With Schering-Plough taking on all U.S. sales responsibilities for Integrilin, both companies agree that Integrilin can be more efficiently marketed to achieve a greater profitability over time.

"It is our belief," said Deborah Dunsire, Millennium's incoming president and CEO, "that putting Integrilin in one company that has a specific focus on CV [cardiovascular], and has the infrastructure behind it, along with other products in CV, is the best way to optimize the revenue in Integrilin."

Schering-Plough will hire a significant number of Millennium's U.S. sales representatives and managers assigned to Integrilin. Millennium has said it is reducing its head count by 200 people, which, along with the elimination of certain clinical trial costs and advertising and promotions, will reduce the company's research and development, and selling, general and administrative expenses by 15 percent.

Schering-Plough will continue to market Integrilin in Canada and other international markets, excluding Europe. In June 2004, Millennium reacquired the European rights from Schering-Plough and licensed them to London-based GlaxoSmithKline plc. (See BioWorld Today, June 24, 2004.)

The transition from a profit-sharing to a royalty arrangement frees Millennium to focus on oncology. Integrilin has served as a transitional product for Millennium, providing the revenue needed to create a commercial infrastructure to launch Velcade (bortzeomib) injection for multiple myeloma in 2003.

While Wall Street has been preoccupied with a promising competitor, Celgene Corp.'s Revlimid, Raymond said Velcade will outperform expectations. A new drug application for Revlimid, a derivative of Thalomid, Warren, N.J.-based Celgene's brand name for thalidomide, has been filed with the FDA. The PDUFA date is set for Oct. 7.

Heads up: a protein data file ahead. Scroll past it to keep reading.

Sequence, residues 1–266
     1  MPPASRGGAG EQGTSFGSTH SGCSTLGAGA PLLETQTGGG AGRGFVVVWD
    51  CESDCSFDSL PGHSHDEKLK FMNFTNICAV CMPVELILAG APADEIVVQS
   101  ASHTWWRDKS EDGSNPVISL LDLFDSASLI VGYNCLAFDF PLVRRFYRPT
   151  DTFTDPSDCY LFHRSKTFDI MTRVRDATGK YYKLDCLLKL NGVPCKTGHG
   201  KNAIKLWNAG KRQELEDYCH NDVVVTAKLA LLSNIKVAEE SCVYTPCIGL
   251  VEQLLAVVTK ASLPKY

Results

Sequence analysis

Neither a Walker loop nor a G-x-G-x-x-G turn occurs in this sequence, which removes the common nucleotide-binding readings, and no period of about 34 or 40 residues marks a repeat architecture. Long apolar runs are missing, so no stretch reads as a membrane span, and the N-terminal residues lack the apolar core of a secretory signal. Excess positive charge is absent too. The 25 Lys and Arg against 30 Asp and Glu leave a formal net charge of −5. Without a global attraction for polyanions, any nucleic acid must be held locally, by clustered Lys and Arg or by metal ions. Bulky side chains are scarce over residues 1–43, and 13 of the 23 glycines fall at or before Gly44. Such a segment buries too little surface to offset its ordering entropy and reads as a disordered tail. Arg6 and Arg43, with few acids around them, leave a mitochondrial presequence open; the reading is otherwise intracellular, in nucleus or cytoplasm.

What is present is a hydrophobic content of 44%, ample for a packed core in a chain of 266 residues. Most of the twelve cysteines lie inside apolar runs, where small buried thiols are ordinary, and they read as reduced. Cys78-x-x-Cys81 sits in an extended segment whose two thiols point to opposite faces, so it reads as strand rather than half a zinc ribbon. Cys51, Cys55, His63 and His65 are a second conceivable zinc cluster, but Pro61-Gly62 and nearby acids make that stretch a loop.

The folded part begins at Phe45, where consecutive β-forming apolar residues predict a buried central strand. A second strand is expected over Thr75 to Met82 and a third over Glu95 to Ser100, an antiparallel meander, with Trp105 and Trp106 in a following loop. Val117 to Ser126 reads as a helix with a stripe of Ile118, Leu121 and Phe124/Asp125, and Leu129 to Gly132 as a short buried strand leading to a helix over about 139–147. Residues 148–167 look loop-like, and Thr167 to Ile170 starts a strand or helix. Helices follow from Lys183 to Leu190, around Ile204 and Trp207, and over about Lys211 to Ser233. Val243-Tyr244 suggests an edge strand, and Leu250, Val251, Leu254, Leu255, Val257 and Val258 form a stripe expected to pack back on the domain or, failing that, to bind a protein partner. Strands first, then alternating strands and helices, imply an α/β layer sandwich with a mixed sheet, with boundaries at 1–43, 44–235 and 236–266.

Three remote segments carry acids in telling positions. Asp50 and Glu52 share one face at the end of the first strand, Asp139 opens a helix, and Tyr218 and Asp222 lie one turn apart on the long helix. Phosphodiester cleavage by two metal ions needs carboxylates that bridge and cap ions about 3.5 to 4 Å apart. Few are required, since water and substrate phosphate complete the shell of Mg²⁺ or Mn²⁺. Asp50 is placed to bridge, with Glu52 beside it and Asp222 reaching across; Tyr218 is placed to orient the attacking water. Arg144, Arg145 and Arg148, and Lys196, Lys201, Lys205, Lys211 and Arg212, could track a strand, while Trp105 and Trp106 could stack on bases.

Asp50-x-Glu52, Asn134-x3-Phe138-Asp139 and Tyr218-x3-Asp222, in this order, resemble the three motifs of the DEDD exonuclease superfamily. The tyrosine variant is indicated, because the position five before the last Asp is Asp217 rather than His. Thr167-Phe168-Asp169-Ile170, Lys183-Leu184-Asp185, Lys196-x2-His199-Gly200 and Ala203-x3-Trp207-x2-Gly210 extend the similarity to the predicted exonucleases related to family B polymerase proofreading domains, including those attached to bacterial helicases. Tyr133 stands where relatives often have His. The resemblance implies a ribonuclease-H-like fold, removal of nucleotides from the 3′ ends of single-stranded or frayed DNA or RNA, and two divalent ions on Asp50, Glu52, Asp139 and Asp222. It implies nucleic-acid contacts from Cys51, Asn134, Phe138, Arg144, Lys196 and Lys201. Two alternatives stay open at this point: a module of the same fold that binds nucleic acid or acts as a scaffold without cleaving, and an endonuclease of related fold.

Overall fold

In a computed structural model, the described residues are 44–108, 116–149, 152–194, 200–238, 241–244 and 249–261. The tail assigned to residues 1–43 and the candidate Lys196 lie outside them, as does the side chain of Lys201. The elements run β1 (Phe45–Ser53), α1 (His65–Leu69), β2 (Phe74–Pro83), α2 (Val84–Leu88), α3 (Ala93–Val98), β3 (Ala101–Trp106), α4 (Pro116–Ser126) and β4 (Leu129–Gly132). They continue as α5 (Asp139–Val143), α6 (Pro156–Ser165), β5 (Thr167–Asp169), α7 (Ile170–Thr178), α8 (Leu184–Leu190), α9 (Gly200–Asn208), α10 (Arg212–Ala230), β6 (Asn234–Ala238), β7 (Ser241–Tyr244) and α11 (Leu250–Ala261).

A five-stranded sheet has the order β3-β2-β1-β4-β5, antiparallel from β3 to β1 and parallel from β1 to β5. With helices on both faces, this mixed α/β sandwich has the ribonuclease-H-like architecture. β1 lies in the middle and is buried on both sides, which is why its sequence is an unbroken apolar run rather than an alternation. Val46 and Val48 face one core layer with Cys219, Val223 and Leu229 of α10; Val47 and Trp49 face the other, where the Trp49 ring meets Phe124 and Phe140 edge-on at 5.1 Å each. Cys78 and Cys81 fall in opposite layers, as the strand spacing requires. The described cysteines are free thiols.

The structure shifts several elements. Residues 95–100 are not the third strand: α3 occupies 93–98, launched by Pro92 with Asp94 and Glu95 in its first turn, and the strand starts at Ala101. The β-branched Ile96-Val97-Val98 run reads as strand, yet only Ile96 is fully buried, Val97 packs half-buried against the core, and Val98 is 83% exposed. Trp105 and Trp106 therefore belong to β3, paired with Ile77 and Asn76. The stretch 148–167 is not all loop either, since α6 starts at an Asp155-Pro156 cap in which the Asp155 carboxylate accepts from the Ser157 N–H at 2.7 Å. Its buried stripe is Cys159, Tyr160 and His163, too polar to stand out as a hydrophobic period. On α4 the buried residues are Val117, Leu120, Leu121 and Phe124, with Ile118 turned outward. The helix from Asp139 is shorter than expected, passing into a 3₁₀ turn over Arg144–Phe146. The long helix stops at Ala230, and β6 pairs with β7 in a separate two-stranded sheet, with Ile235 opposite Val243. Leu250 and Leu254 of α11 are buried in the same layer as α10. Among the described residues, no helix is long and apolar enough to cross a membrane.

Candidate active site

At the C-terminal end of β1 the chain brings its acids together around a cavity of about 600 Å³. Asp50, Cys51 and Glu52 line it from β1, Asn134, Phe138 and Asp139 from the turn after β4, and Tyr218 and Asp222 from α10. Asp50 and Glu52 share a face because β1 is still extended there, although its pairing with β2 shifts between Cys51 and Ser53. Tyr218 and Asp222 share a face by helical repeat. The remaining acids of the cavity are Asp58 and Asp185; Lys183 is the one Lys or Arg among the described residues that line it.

While Revlimid poses a real threat to Velcade in multiple myeloma, Raymond still sees an upside to the story in the near-term.

"It looks like Velcade really is taking share in front-line myeloma from Thalomid, and is beginning to dominate second-line treatment," he said. "What we've been looking for is a sign that front-line use will pick up, and it's just now starting."

Baird's Velcade revenue estimates for this year are $216 million, compared with $193 million expected by consensus. Approved for second-line and third-line treatment of multiple myeloma, the product is in development as a front-line treatment in that indication, as a first- and second-line treatment in non-small-cell lung cancer, and for bronchoalveolar carcinoma, non-Hodgkin's lymphoma and other solid tumors.

Millennium's other clinical-stage oncology products include MLN2704 in prostate cancer, and MLN518 for acute myeloid leukemia. The company expects to move MLN8054 into clinical trials for solid tumors this year.

The remainder of the company's pipeline consists of inflammation and cardiovascular products, including MLN02 for Crohn's disease and ulcerative colitis, MLN1202 for rheumatoid arthritis and multiple sclerosis, and MLN2222 for coronary bypass, among others.

Marsha Fanucci, Millennium's senior vice president and chief financial officer, said the restructured agreement with Schering-Plough will result in charges to be discussed in the third-quarter earnings call. But, she said, the company is still on track to report a non-GAAP net loss of less than $100 million in 2005, and to reach profitability in 2006.